COVID saga keeps going over the top

According to the New York Times,  70 percent of recent calls to Mississippi’s poison control centre were  from people who had ingested ivermectin from farm supply stores. | Screencap via durvet.com

Sometimes what looks like a farm story isn’t really a farm story.

For the longest time, that’s what I thought was going on with this crazy business of people taking ivermectin to cure COVID.

Sure, ivermectin is a common veterinary drug that livestock producers frequently use to control parasites in their animals, and we’ve written lots of stories about it over the years.

However, when the first reports surfaced of people trying to get their hands on ivermectin as a way to protect themselves against COVID without taking more sensible steps, such as mask wearing, social distancing and vaccination, I wasn’t convinced the story was for us.

It might be a story about a farm drug, but it wasn’t necessarily a story about farming.

But then concerns started being raised that farm supply stores were feeling pressure from folks looking for ivermectin for all the wrong reasons.

Now the question became: could this actually threaten supplies for our readers who use the drug to treat their livestock?

That, as they say, is a story, and last week I assigned it to Alex McCuaig, our reporter in Medicine Hat. Look for it on page 2 of this week’s issue.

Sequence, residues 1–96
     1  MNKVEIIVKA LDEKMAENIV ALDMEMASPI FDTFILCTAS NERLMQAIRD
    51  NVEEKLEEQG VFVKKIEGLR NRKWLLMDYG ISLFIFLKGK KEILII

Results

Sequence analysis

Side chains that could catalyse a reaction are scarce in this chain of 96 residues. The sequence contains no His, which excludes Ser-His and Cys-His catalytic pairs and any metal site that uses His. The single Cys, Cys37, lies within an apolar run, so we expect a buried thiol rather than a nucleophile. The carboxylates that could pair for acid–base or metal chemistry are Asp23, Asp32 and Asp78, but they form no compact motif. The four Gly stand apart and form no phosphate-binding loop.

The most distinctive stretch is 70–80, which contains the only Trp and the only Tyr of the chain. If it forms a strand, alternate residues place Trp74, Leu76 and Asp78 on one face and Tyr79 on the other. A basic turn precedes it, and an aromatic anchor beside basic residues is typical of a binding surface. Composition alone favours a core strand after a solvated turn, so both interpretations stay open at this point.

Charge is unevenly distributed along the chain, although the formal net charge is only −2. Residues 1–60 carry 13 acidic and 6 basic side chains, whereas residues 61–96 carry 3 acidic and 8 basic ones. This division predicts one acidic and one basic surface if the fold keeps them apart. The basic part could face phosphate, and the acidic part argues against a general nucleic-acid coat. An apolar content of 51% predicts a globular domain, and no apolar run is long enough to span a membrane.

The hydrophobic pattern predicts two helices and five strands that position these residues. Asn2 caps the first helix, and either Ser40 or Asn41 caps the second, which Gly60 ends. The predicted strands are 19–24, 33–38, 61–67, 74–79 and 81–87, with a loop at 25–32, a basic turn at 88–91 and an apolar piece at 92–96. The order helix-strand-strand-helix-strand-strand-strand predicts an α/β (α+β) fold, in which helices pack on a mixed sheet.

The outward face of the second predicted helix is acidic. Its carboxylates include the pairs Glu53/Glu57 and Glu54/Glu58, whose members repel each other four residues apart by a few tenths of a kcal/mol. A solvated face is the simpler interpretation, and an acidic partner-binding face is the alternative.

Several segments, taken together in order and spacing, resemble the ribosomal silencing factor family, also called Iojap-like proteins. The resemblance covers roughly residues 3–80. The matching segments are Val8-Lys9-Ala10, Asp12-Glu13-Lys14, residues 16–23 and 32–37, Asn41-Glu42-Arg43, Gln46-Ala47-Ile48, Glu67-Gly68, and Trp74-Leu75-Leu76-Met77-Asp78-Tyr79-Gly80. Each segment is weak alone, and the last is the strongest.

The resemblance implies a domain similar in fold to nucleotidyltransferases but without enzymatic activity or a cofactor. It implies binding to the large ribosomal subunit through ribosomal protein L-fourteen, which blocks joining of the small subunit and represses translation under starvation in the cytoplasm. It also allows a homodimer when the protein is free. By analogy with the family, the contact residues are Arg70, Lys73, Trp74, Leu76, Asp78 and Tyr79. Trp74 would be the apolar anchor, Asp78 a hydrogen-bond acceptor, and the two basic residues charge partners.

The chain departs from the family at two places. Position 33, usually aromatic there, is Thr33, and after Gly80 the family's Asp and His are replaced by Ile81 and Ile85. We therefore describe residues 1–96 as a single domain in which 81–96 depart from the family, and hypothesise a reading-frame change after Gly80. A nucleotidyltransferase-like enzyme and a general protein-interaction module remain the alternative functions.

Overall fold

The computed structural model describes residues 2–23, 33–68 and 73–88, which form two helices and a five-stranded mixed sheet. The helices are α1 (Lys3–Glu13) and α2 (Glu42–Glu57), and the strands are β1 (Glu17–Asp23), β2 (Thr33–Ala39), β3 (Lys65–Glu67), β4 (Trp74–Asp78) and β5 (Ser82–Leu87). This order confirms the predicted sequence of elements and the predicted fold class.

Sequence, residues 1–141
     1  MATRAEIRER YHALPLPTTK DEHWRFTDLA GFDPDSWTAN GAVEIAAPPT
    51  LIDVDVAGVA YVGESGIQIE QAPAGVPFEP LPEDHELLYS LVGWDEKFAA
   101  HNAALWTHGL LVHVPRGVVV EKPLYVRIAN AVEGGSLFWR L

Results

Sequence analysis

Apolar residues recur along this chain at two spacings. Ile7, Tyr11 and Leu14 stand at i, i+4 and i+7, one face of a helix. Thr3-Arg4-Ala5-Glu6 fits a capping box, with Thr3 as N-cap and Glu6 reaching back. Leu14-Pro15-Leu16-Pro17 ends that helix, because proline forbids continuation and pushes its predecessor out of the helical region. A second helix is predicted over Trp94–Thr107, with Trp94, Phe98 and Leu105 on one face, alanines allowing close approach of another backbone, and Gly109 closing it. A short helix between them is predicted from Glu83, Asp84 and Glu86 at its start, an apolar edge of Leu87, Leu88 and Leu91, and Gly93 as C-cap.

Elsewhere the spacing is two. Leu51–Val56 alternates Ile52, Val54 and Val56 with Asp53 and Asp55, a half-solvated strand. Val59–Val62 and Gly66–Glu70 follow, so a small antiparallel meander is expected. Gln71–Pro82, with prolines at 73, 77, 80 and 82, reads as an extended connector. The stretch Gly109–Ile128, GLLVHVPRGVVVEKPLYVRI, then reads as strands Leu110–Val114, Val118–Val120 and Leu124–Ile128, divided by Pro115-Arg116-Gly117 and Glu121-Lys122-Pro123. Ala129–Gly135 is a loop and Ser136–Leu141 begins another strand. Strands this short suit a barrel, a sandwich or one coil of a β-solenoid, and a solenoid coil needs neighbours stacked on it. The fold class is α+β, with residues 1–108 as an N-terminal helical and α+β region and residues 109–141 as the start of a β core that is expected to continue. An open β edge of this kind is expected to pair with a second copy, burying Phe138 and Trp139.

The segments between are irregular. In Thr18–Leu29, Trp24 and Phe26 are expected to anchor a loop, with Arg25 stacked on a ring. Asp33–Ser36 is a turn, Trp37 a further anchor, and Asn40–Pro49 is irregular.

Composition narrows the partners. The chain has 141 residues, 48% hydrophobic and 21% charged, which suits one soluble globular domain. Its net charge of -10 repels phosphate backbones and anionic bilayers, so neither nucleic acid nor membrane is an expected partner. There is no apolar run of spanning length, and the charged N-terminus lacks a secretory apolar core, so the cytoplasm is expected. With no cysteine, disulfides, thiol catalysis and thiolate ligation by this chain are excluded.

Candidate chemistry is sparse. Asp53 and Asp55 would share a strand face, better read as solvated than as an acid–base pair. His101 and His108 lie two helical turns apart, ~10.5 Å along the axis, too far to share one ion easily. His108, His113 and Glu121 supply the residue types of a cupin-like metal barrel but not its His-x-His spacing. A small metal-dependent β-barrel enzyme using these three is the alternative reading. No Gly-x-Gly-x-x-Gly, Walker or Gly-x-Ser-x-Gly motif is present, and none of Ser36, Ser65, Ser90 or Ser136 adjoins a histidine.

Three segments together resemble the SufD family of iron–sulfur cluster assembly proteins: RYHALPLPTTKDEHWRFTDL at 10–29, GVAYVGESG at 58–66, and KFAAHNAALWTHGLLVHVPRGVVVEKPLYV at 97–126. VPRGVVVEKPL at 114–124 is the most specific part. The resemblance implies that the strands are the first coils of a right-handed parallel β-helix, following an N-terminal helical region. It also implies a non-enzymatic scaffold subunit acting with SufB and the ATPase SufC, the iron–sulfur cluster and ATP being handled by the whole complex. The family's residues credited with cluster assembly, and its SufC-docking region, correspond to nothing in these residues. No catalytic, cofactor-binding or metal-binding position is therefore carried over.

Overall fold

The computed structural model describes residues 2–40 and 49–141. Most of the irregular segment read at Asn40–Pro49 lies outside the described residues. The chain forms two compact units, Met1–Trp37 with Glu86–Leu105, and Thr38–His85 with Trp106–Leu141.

The complicating aspect of this story is that there actually are approved human uses of ivermectin to control parasitic worms and treat skin conditions such as rosacea.

However, the New York Times recently reported that a review of 14 ivermectin studies involving more than 1,600 participants found no evidence that it works on COVID.

The newspaper also reported that some doctors in the United States were prescribing the human form of ivermectin as a COVID remedy, but I’m guessing that most aren’t.

However, that’s when people start eying up the livestock form, which can be dangerous.

Dr. Roy Lewis, a veterinarian from Alberta who writes a monthly Animal Health column for us, told me last week he worries about that because some forms of the livestock drug contain isopropyl alcohol, which is poisonous.

Besides, the doses given to livestock are much higher than what’s considered safe for humans.

According to the New York Times, 70 percent of recent calls to Mississippi’s poison control centre were from people who had ingested ivermectin from farm supply stores.

I haven’t heard of anything like that happening in Canada yet. Let’s hope it doesn’t.

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